As loyal readers/listeners know, and as discussed on the most recent episode of The Riff, I’m more than a little confused about this “Cash for Clunkers” program and its unexpected popularity. I don’t know the restrictions or objectives or the measurements for success, don’t know who it’s supposed to benefit or how long the program should ideally run.
In my (admittedly half-assed) search for answers, I came across this article in which Reuters blogger James Pethokoukis argued that Cash for Clunkers should be discontinued. His contention was that the program isn’t increasing sales, only hurrying the timing of what would have eventually been new vehicle sales whether there was a rebate or not.
I’m not doubting the analysis cited by the experts in the article, but Pethokoukis’s conclusion has only left me with more questions.
Three questions, to be exact. Want to hear them? No? Too bad, here they come.
1. If we’re having a conversation about Cash for Clunkers, shouldn’t we at least mention the obvious environmental benefit? I’m not saying it should be the lone factor in judging the program’s effectiveness, but ignoring it completely seems a bit unfair and obtuse.
2. Isn’t speeding up the timing of sales a good thing, at least in an indirect way? Let’s say the driver of an old VW bus has planned to wait two years before trading in his molestermobile for a Prius. Due to this program, he expedited the process and bought this week. Doesn’t that mean he’ll have to purchase his next automobile two years sooner? And won’t such expeditation (warning: not a real word) result in higher car sales in the long run?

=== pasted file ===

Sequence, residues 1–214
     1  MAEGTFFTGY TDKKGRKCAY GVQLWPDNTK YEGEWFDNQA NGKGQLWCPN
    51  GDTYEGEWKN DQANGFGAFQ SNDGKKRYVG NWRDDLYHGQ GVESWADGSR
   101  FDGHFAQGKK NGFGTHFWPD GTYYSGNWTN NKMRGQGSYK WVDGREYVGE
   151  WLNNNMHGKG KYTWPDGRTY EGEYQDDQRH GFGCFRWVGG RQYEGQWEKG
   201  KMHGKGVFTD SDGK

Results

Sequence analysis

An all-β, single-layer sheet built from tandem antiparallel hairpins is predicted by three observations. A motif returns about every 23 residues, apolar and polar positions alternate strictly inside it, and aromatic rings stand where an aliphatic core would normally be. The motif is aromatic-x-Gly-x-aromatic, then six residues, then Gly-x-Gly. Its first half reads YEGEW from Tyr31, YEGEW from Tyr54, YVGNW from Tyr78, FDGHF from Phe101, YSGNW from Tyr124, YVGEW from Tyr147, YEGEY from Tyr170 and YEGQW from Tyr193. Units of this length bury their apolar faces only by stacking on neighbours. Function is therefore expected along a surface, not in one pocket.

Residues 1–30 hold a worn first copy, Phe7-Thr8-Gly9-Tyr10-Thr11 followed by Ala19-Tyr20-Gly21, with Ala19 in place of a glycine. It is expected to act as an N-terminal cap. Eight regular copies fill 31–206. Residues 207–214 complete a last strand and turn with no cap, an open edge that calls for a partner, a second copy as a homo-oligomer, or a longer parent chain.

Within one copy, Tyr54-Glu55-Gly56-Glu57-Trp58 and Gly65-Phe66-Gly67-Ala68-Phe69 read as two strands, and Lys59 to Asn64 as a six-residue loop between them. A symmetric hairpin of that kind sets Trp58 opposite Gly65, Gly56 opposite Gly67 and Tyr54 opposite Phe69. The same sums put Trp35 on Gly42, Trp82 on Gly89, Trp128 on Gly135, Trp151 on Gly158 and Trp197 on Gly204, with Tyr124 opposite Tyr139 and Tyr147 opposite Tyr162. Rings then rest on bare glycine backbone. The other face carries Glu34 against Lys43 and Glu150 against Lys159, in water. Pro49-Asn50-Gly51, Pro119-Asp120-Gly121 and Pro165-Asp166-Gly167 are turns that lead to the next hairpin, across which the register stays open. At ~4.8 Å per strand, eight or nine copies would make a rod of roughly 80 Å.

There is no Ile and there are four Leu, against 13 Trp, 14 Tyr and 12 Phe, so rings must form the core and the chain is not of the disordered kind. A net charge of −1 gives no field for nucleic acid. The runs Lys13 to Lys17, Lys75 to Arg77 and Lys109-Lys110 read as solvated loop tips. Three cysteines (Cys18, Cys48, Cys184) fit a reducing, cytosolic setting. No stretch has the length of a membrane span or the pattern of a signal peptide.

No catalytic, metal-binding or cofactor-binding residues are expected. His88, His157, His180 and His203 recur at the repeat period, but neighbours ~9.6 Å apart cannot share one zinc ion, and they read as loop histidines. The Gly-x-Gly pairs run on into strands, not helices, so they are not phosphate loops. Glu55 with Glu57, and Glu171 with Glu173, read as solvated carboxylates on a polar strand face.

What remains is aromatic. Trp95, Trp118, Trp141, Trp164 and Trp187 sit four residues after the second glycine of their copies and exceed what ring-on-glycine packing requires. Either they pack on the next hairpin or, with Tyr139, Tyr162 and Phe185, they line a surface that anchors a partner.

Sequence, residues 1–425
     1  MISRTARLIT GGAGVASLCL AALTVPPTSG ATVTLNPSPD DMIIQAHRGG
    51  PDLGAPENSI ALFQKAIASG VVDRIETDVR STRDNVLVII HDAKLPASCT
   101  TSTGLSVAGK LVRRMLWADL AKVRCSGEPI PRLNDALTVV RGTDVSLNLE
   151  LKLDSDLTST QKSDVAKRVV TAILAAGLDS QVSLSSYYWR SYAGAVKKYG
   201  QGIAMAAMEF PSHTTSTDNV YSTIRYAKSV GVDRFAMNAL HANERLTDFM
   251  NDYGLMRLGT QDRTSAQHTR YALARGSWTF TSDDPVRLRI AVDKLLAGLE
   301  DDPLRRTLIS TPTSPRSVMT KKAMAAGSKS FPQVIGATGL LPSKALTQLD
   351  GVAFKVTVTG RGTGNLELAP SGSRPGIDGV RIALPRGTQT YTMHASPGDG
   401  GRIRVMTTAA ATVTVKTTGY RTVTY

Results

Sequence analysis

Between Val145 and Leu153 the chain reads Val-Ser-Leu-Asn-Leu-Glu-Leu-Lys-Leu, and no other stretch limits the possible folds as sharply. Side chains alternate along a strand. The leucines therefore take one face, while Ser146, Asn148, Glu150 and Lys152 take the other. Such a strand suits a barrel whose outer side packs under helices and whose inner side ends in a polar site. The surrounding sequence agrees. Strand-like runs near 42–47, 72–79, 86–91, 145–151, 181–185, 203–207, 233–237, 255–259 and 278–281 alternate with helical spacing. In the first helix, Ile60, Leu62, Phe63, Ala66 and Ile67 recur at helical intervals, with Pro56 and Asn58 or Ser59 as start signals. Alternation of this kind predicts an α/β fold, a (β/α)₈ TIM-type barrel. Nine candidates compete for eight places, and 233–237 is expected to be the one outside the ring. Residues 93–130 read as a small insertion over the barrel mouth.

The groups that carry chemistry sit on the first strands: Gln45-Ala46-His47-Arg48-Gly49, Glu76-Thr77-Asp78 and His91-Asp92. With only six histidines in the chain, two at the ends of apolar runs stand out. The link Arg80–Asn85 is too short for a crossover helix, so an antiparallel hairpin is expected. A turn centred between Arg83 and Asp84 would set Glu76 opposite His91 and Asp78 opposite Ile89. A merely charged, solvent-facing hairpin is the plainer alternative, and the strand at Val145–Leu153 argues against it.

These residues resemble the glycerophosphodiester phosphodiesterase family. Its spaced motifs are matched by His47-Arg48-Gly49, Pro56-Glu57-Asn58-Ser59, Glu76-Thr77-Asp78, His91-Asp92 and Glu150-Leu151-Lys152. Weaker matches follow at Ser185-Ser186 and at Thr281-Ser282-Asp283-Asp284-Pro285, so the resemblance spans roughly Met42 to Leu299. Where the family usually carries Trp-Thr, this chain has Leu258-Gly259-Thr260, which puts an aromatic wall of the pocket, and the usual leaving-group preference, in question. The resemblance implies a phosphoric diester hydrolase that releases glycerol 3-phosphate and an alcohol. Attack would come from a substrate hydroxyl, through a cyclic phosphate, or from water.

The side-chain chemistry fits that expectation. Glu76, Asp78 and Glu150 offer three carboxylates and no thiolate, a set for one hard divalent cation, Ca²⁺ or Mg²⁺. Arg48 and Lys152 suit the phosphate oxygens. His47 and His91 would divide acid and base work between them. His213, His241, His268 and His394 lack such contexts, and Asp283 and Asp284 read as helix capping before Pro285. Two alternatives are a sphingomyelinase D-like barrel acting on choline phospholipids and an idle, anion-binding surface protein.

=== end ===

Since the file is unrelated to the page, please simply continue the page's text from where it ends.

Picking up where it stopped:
3. Let’s say the analysts are right that the auto sales numbers won’t be affected in the long run. So they’ll be a bit higher than expected now, and adversely lower in the near future. Well…so? Isn’t that kind of the point of economy jump-starter programs like this?
We all know the market will stabilize soon. It always has. My understanding is the point of programs like this is to increase near-term sales to spur the economy on the whole, if perhaps skewing the results of this particular industry.
If you think of this as a macro-economic solution rather than focusing on just the auto sector, doesn’t a quick fix to help accelerate the economy’s recovery sound like a good thing? Shouldn’t the news that sales have skyrocketed be seen as a positive?
As previously noted, and as evidenced by my abundance of questions above, I don’t know a ton about this program. Just think that the old “it’s costing the taxpayers money!” might not be considering the full story here. But what else is new.